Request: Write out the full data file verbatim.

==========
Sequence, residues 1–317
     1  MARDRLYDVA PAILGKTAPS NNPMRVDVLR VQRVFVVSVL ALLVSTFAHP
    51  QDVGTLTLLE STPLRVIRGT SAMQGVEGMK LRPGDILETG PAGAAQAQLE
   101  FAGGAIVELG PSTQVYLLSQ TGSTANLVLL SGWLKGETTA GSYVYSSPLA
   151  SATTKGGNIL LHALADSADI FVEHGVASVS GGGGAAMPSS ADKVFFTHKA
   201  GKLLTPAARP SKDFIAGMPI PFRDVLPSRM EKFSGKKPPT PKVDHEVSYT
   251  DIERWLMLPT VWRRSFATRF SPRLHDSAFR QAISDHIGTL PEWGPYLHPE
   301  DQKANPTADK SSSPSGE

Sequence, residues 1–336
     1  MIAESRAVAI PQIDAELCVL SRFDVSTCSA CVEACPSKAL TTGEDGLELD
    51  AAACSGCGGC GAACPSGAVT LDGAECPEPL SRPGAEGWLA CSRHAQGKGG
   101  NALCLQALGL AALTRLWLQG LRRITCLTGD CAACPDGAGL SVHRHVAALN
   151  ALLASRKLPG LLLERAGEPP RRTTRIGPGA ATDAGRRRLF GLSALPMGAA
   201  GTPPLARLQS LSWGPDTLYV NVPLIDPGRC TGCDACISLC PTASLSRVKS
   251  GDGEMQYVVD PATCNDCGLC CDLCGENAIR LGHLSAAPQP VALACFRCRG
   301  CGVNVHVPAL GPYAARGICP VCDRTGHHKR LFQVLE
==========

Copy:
Sequence, residues 1–317
     1  MARDRLYDVA PAILGKTAPS NNPMRVDVLR VQRVFVVSVL ALLVSTFAHP
    51  QDVGTLTLLE STPLRVIRGT SAMQGVEGMK LRPGDILETG PAGAAQAQLE
   101  FAGGAIVELG PSTQVYLLSQ TGSTANLVLL SGWLKGETTA GSYVYSSPLA
   151  SATTKGGNIL LHALADSADI FVEHGVASVS GGGGAAMPSS ADKVFFTHKA
   201  GKLLTPAARP SKDFIAGMPI PFRDVLPSRM EKFSGKKPPT PKVDHEVSYT
   251  DIERWLMLPT VWRRSFATRF SPRLHDSAFR QAISDHIGTL PEWGPYLHPE
   301  DQKANPTADK SSSPSGE

Sequence, residues 1–336
     1  MIAESRAVAI PQIDAELCVL SRFDVSTCSA CVEACPSKAL TTGEDGLELD
    51  AAACSGCGGC GAACPSGAVT LDGAECPEPL SRPGAEGWLA CSRHAQGKGG
   101  NALCLQALGL AALTRLWLQG LRRITCLTGD CAACPDGAGL SVHRHVAALN
   151  ALLASRKLPG LLLERAGEPP RRTTRIGPGA ATDAGRRRLF GLSALPMGAA
   201  GTPPLARLQS LSWGPDTLYV NVPLIDPGRC TGCDACISLC PTASLSRVKS
   251  GDGEMQYVVD PATCNDCGLC CDLCGENAIR LGHLSAAPQP VALACFRCRG
   301  CGVNVHVPAL GPYAARGICP VCDRTGHHKR LFQVLE